Nowadays, good music is hard to find. It seems odd to say this, but I have long noted that things like this happen when materialism infects the world. Good music is alive like good food and like good food; you have to grow your own. Maybe add some organic sounds to your audible diet.
It was a Sunday afternoon when I first heard the voice of Janet LaBelle. Steve Berson played a track we had worked on for quite some time. We had been looking for a soulful singer to fill in the chorus on a track. Steve had invited Janet over to the studio earlier in the week to lay down some vocals. I must say her presence on the track was truly refreshing, a gasp of air, a new life.
Later, I had the honor of performing with Ms. LaBelle during the recent Warlock Asylum show at Arlene’s Grocery. Rarely have I’ve met a musician with such talent. An oasis in a desert of sound, to say the least, Janet LaBelle is paving her way in the fine arts of music and song. I recently had a chance to ask Janet a few questions about her career and musical inspiration after accidentally at the Le Bernardin Restaurant in Midtown this past summer. I am sure you will find Ms. LaBelle’s perspective very insightful:
Messiah’el Bey: It is a privilege to be able to learn about who you are as an artist. I really enjoy your work, especially the video for “Goodbye Baby.” You have a tremendous voice and a unique approach as a musician. For our readership, who may not be familiar with the artist Janet LaBelle, how would you describe yourself?
Janet LaBelle: Thank you, Messiah. Playing and writing music has always been my outlet since I can remember. My hope is to connect to people through music in a way that music has always been there for me. I’ve always felt a huge emotional response when listening to music, particularly to music that sounds as though it were being sung or experienced for the first time. It’s important for to me to achieve this effect when performing live or in the studio. I’m a big fan of recording live to analog tape to capture this kind of spontaneity and raw emotion. I also feel that performing live for my fans allows my energy and passion for what I’m doing to really come through.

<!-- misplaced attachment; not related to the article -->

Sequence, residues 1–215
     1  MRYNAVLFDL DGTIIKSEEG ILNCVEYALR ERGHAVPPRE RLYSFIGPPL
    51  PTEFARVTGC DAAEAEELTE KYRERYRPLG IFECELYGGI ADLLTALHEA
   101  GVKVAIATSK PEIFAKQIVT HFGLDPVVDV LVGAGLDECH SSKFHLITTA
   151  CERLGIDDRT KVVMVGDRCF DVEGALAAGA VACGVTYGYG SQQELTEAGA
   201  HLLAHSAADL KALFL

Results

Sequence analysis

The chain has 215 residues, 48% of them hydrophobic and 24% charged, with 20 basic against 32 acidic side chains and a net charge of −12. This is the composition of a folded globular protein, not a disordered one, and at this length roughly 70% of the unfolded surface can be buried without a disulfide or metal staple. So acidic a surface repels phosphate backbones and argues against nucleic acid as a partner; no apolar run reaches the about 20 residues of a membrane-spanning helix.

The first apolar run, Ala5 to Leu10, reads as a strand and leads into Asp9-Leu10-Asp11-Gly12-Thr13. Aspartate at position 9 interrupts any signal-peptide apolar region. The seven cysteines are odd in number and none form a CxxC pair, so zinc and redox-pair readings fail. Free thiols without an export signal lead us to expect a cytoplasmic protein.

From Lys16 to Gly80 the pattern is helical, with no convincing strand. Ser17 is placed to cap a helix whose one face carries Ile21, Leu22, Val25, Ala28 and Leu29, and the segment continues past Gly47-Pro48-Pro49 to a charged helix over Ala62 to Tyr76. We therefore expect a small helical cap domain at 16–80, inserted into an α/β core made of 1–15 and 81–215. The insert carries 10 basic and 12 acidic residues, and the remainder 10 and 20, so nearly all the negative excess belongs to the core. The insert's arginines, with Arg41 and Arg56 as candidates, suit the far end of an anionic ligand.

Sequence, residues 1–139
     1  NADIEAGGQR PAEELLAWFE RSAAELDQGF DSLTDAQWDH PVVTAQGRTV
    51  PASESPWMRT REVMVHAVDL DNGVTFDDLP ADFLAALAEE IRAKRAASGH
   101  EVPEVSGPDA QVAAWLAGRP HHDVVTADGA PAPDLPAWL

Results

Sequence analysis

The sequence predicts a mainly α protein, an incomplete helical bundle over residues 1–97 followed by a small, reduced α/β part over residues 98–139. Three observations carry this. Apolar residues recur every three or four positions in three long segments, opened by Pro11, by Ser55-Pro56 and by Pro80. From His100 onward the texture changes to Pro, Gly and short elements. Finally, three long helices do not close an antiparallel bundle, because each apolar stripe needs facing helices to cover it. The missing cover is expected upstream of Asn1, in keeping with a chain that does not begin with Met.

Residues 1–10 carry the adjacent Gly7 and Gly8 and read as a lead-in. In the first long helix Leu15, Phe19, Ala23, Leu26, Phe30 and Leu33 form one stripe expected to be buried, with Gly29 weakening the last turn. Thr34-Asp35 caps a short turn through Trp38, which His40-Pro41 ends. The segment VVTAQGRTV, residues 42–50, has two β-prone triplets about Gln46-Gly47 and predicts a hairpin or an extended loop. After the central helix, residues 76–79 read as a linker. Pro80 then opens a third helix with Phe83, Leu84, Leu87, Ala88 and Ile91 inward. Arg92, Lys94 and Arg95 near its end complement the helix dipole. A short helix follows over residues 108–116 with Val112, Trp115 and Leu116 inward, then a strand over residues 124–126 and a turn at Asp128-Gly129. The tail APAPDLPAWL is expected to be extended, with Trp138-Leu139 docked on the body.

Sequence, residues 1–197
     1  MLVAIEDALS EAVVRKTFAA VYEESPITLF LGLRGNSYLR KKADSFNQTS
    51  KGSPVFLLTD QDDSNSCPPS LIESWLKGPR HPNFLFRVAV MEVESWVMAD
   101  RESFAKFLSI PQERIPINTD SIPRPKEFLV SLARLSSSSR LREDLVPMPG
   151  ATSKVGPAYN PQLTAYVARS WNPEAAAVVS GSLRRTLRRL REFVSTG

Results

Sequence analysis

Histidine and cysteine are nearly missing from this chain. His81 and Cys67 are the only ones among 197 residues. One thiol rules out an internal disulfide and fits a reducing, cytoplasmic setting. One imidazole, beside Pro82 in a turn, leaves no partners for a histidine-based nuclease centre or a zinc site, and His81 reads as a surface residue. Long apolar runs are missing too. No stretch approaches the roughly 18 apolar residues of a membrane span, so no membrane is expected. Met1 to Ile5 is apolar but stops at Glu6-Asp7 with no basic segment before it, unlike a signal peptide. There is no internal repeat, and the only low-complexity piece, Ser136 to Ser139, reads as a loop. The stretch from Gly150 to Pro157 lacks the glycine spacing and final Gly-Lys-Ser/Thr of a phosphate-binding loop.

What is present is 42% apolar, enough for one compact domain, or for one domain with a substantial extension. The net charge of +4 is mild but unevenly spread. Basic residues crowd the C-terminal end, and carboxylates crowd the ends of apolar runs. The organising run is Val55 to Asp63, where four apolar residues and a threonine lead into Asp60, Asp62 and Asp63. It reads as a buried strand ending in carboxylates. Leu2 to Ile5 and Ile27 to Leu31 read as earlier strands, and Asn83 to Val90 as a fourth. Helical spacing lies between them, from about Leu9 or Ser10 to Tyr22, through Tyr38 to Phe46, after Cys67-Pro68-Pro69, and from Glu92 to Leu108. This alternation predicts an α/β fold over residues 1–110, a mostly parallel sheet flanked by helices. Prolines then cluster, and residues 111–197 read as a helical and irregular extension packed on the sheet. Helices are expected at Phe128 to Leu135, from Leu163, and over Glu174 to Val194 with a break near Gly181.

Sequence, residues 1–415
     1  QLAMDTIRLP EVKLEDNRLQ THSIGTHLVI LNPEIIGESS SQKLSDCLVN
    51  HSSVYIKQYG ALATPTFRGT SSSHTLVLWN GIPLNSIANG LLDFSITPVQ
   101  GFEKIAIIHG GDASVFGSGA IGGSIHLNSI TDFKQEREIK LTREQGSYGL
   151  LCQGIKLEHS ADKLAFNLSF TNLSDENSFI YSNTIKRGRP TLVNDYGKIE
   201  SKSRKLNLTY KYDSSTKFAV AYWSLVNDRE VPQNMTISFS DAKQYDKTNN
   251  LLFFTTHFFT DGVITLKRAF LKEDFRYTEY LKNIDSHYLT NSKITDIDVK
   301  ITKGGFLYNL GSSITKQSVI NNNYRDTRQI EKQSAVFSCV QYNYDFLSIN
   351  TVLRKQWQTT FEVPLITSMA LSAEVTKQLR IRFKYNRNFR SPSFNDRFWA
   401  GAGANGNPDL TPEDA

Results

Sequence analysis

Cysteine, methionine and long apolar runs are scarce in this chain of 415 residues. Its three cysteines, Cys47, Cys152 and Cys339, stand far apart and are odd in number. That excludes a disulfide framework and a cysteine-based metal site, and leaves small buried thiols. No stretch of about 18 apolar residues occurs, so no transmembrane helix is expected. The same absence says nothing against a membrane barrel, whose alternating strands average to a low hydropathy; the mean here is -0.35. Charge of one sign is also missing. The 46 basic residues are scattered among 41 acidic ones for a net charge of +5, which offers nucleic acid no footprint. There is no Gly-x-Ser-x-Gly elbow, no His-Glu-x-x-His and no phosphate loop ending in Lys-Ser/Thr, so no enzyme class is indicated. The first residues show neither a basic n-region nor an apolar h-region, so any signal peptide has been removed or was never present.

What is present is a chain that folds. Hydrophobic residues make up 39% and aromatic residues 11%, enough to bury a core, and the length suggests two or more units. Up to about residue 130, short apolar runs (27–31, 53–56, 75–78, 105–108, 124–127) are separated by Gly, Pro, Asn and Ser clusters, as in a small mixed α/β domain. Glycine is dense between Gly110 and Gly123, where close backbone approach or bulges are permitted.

Messiah’el Bey: What factors helped you decide to pursue a career in the musical arts?
Janet LaBelle: There was nothing else I was good at really. Ha! Actually, I feel that once you are bitten with the music bug, the desire to perform and create is always with you. For me, I was taken with music at a very early age and would daydream about growing up to be a working musician. Ultimately, I think it was this daydreaming that pushed me so hard to not let my childhood-self down.
Messiah’el Bey: You definitely have an original approach to your work. Who are some of your musical influences?
Janet LaBelle: When I started performing as a solo artist, I always felt that my catalogue of songs was having a bit of an identity crisis. My influences span so many genres and eras that it has taken some time to hone my sound. Some of my biggest influences fall into the genre of ’60s folk/pop. I love timeless themes and catchy melodies. The artists that have had a huge impact on me are Melanie, France Gall, Diana Ross.
Messiah’el Bey: One thing that I enjoy about your work is the quality of the music that your band has produced. Can you tell us a little more about the band that we see playing with you in the videos and stage? How did this all come about?